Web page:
they are the hardest to put on.

By the time I got to Brockville, the sun had come out and I thought
 that it would not rain in my area. A few miles from Brockville, I
 saw wet pavement. I should have been forewarned, but I just thought
 that it had rained there earlier. It was odd that the wet pavement
 was only a half mile to a mile long.

I kept on going and several miles later there were a few raindrops but
 not enough to worry about but I was out in the middle of nowhere so
there was town to take shelter in. Then I saw a park like place but
the driveway said Private. I went in the driveway anyway and got
 under a shelter with several picnic tables. By now it was light
rain. There I found two bicyclists who had passed me in Brockville.
One was from Ottawa and one was from Brockville. Then several pickup
trucks showed up and parked. It seems that employees from the
petrochemical plant across the road come to the private park to
 smoke during lunch because smoking is not allowed on the company
 premises. No wonder!

After 15 minutes or so, the rain became drips and the two cyclists left.
I waited a little bit longer to make sure that it was really over.
Then I took off also and a hundred yards later it started pouring!
I quickly turned around and headed back to the shelter.

I waited over 30 minutes and then the sun sun came out. I still waited
 because the trucks were really kicking up road spray and since there
was no shoulder there, I would be drenched from the road spray. It
 took at while for the trucks and cars to displace the water on the
 road and the sun was still out to help dry out the road.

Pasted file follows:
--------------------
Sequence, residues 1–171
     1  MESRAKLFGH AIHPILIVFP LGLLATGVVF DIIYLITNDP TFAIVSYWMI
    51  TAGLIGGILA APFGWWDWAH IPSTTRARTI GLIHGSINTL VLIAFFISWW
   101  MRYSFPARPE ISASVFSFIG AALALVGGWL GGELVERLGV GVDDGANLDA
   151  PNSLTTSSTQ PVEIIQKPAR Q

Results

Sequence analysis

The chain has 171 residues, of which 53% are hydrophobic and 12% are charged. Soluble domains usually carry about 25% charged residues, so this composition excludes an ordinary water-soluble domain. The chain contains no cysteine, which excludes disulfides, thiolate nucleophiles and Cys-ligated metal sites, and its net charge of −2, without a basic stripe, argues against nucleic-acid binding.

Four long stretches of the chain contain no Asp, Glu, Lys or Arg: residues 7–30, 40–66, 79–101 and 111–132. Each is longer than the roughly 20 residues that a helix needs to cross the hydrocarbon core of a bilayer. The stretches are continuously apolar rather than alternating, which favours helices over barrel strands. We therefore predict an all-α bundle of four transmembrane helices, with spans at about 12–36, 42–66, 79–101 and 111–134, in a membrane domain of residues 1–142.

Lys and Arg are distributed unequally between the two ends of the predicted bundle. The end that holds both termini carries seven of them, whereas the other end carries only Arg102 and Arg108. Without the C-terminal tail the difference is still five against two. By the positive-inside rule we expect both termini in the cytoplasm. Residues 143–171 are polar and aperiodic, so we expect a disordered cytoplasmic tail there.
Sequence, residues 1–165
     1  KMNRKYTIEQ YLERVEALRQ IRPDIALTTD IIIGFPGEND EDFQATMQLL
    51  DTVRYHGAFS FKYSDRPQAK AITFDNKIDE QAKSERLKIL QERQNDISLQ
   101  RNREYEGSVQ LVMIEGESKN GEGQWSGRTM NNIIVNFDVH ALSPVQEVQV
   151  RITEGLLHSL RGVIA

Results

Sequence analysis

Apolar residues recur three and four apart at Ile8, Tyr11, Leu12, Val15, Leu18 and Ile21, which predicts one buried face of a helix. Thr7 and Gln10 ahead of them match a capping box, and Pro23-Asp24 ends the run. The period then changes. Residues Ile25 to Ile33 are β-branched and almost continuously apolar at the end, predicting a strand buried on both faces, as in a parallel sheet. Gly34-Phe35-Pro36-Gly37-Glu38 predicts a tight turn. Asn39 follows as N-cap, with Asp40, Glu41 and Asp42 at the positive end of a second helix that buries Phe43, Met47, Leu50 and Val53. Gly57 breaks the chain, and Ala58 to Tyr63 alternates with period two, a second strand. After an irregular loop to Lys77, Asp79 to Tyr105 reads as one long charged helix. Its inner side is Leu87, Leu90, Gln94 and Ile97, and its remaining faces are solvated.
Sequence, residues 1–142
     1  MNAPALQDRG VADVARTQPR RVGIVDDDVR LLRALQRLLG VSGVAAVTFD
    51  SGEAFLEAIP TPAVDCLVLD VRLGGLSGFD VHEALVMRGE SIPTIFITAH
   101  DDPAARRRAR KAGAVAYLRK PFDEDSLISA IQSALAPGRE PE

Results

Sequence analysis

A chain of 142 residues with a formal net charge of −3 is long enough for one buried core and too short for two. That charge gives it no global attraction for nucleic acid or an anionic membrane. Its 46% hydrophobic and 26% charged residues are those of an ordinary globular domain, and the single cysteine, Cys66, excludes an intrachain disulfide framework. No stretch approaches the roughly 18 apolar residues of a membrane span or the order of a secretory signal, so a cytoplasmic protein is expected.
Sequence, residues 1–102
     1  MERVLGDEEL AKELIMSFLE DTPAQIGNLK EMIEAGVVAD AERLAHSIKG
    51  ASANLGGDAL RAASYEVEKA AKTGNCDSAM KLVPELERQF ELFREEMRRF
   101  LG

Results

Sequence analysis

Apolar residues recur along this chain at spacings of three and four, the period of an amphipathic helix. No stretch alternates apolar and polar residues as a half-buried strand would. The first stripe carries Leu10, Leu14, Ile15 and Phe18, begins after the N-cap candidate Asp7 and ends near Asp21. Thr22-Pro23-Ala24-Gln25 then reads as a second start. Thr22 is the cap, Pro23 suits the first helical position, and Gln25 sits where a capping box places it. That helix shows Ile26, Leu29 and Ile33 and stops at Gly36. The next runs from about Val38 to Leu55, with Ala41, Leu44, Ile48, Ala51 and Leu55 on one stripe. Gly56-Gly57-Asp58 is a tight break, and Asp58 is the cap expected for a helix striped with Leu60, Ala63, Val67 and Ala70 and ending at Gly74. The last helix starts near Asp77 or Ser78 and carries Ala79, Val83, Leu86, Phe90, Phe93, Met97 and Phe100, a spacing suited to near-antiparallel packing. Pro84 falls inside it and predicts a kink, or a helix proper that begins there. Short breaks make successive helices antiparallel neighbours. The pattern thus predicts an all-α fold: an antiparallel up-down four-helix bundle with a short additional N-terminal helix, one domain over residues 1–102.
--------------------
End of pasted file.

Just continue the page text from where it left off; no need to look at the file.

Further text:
It was about 1 pm when I got back on the road and the road was
reasonable and the drivers were courteous by slowing down when
they passed me. By the time I got to Prescott, there was no
evidence that it had rained and this was only a couple of miles away.

I cleaned up my rims with paper towels from the gas station and
left in the sunshine. I saw the bridge at Johnstown which is the
first place to cross over to the US. Just as I passed the bridge,
it started dripping again. Then after a few minutes it stopped again.
I started thinking that this may go on over and over again so I had
to remember where the next town with a motel was. It was Iroquois
but that was almost to Morrisburg where I had planned to stop.

I kept on going and no more rain. Then I got to Iroquois and it was
 a new strip shopping center. I could not see any old buildings there.
I saw the motel and kept on riding. Morrisburg was only 13 km away
according to the McIntosh Inn billboard.

While I was drinking a Coke in Iroquois, I noticed a dark cloud ahead.
By the time I had finished drinking the Coke, the dark cloud had gone
passed the road. The winds must have been howling at the cloud level.

Several miles down the road, the road was wet. The dark cloud must
have been a rain cloud. This time the bad driver was a truck on the
 other side of the road. It was a dump truck with open wheels and it
 kicked up enough spray to come over to my side. Luckily the other
drivers were more courteous. As before, the wet roads dried up and it
 was dry in Morrisburg.

There were supposed to be three motels in Morrisburg. I passed one
 with a faded sign half hidden by trees and there were quite a few
cars there. The second one had one car and a big parking lot.
No wifi! On tonthe third motel - the McIntosh Inn.

The McIntosh Inn is named after the apple I assume and not Apple
computers. The wifi here screams! 10,043 Kbps download and 1,333
 Kbps upload.

Tomorrow I should be arriving into Quebec Province. The weather
forecast is for several sunny days. The problem is to decide
 whether or not to go to Montreal and then Sherbrooke home of
Aarkel or go directly to Sherbrooke / Arkel. My main problem
is that I left my Route Verte book at home and I don't know how
to get into Montreal. The AAA map is not helpful so I may have
 to buy a Montreal map or hope for a Quebec tourist office at
 the border.

The Statistics: 68.28 miles and 1259 feet of climbing.


Steve in Morrisburg, Ontario, Canada


Sent from my iPad

Posted by steveruthrar at 8:43 PM PDT

Newer | Latest | Older

« September 2010 »
S M T W T F S
1 2 3 4
5 6 7 8 9 10 11
12 13 14 15 16 17 18
19 20 21 22 23 24 25
26 27 28 29 30
You are not logged in. Log in